> Cheers.

>

> Roger T.

> See the GER at: -

> www.islandne t.com/~rogertra/

>

>

>

>

> ------------ --------- --------- ------

>

> Yahoo! Groups Links

>

>

> �� �� mailto:weathering-fullfeat ured@yahoogroups .com

>

>

>



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----------------------------

#9131 Aug 8, 2009

Roger: Yes he is. I don't know the exact year of his death but I imagine it

was a generation ago! I just e-mailed the Craftsman. The E-mail reply I

got was signed by a guy called Hal Carstens, though. I was surprised, but

then I presumed it to be from his son. I don't know the ins and outs. This

was four, maybe five years ago. -John



---------------



Yes, I too rec'd an e-mail from RMC signed Hal Carstens this past week

though the founder Hal Carstens died June 23rd 2009.



Cheers.



Roger T.

See the GER at: -

www.islandnet.com/~rogertra/



----------------------------

#9132 Aug 8, 2009

Jim,

If this has been suggested before, please excuse my duplication.Cut a very narrow "V" in the edge of a 3 X 5 card or a business card and use it as a mask or stencil. Line up the opening with the top edge of the car, make sure you have the cut vertical and spray your glossy color coat. You can, obviously make a double cut with one being shorter or just move the single card. There is an advantage to this method. You don't have to lick either the car or the card.We're all waiting for pictures, Jim.Dick Dale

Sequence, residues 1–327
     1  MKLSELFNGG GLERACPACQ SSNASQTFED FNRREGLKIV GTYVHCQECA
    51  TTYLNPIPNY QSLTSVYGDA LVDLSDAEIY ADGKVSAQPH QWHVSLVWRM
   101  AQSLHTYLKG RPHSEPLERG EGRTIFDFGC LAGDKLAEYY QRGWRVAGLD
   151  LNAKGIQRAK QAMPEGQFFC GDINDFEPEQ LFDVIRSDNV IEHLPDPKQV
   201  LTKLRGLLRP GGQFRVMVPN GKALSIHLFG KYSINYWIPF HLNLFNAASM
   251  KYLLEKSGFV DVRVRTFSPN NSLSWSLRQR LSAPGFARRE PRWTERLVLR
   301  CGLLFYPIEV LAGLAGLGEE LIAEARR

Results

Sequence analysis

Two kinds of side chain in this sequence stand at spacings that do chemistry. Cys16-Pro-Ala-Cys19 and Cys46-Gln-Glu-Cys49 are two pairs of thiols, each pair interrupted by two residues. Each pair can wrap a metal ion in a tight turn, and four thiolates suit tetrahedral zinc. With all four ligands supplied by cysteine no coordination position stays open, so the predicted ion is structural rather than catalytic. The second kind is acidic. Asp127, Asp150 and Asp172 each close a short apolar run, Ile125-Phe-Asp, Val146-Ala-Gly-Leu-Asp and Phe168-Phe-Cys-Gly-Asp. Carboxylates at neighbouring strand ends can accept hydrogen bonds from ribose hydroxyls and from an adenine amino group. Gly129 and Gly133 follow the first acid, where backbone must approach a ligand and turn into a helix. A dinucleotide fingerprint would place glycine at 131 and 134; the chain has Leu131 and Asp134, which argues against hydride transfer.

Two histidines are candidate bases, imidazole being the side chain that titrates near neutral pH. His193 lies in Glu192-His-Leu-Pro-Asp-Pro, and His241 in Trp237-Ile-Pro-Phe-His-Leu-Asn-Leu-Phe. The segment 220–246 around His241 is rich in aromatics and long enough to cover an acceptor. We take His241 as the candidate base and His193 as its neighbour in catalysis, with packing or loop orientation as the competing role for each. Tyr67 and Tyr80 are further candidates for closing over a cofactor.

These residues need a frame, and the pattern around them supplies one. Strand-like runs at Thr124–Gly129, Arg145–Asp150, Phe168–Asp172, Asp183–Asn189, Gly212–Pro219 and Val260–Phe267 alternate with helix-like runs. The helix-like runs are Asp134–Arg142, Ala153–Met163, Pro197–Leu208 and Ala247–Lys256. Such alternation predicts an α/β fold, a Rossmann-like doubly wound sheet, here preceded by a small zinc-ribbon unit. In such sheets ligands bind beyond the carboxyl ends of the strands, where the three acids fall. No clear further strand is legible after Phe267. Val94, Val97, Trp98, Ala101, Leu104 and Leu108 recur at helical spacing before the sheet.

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#9133 Aug 8, 2009

I'd like to see those pictures, but since I can't, here's some miscellaneous ideas for getting a) thin streaks and b) streaks to go where you want them.



1. Watercolorists know that wet will follow wet, so if you draw a thin line of wetting agent on the tender, the flow will tend to follow that line, even if it's wiggly. 2. Watercolorists use a very thin sable brush called a rigger or liner brush. This has very few, but very long hairs. Originally used for painting the lines of sailing craft rigging in watercolor paintings, they give very good control- a bit expensive, 'tho. 3. Not quite as good, a wooden toothpick makes a pretty good quill. Plastic toothpicks in particular can be trained to draw very thin lines, but they do require some practice. 4. Finally, the edge of a painter's pallette knife will draw color along after it, and might work very well to 'guide' your drip along. Again, all this depends on just what those famous drips of yours actually do look like!



Still pulling for you,

-John Le Forestier, Toronto









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----------------------------

#9147 Aug 9, 2009

Darryl, I won't tell anyone about the 'spit,' but I'm really interested in how you went about discovering this phenomenon. This gives new meaning to the word, "Experimentation." ...Tom

--- In weathering@yahoogroups.com, "Darryl Huffman" darrylhuffman@...> wrote:

>

> Jim,

>

> I think the effect you are after is not achieved with the use of washes.

>

> Try this.

>

> Take your acrylic color, white for example, and mix it with matte medium.

> About one part color to 20 parts medium. Mix well.

>

> Then paint this mixture onto your surface. As you are actually painting it

> the color will be solid white. But when the paint dries the medium will